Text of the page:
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Aug. 26th, 2016
Hjalti gives animation feedback to a video by Antonio J. López.
Here is the original video: https://vimeo.com/175859601
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Such valuable resource and lessons from first half already! Here's to more entries on next round:)
I really like the animation (even though I'm not native in Spanish, and probably don't fully understand the story). Animation-wise, a lot of interesting and subtle things are happening. Congrats, Antonio!
So, I was pleasantly(?) surprised that there were a few things that could still be improved. What I'm trying to say is that in spite of a few less-than-perfect poses, the animation still looks very fluid and attractive.
I was therefore wondering how we ourselves could best review our own animations. What is good methodology to get past the overall impression (e.g. fluidness/attractiveness), and start improving the things that we don't notice?
@Ben Meijering<span class="username">(bitwise.ben)</span>: It's not easy to look at it with "fresh" eyes after becoming numb to it. It takes a lot of practice. You could try to look at it through a mirror, fooling your brain that it's new information, or simple walk away from it and return a day/days later. But of course it also depends on the overall animation skill level of the person. This is why animation schools put emphasis on making students give feedback to each other, it helps both students hone their skills at giving and receiving feedback. :)
@Hjalti Hjalmarsson<span class="username">(hjaltihjalmarsson)</span>: Thanks for the tips, and I can totally imagine that student feedback works in two directions!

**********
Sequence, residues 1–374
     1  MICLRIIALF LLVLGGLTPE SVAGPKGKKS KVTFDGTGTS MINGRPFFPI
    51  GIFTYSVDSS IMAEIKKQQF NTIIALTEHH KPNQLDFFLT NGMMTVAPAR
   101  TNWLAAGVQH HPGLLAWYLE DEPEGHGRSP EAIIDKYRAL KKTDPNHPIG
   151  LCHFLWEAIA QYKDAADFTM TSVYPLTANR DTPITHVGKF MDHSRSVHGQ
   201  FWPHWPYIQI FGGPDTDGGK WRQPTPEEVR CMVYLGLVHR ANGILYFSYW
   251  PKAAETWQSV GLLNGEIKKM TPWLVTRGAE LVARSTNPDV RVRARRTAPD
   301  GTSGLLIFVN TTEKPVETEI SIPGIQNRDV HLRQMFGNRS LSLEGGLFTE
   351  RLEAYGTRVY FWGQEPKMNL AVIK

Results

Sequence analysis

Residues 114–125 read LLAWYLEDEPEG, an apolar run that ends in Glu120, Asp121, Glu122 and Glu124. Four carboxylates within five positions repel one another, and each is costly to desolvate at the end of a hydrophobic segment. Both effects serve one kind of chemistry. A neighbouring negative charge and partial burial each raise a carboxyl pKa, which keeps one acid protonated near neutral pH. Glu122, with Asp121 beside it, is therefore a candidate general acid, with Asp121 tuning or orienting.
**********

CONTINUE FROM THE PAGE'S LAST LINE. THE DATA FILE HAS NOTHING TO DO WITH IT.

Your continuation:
I try to optimize the learning process, but in the end it comes down to putting some real elbow grease into it. Animation is hard!
Really useful, thanks Hjalti, looking forward to the next one
yeah, this is really quite a bit Spanish from Spain, which is particularly fast and dry. Far more than latin american Spanish usually. I do find it great and well connected but I undertand that it really takes a full Spaniard point of view to be able to get it, too Spanish so to say. But it is funny and and great!
I just found this. Cool!
The character acts hesitant becuase he is prompting actually something that he knows it is hard to say to the other person and on "the Spanish way of things" he kinda drops the bomb without anesthesia right away.. that's the meaning..
*@Gemma María Rull* Actually, he is rejecting a bribe gift, despite of he liking it, he must, he does quickly! (I think.. Antonio? are you still around..to comfirm this)
Amazing how many details within so short and fast running time!!!!
The creators who share.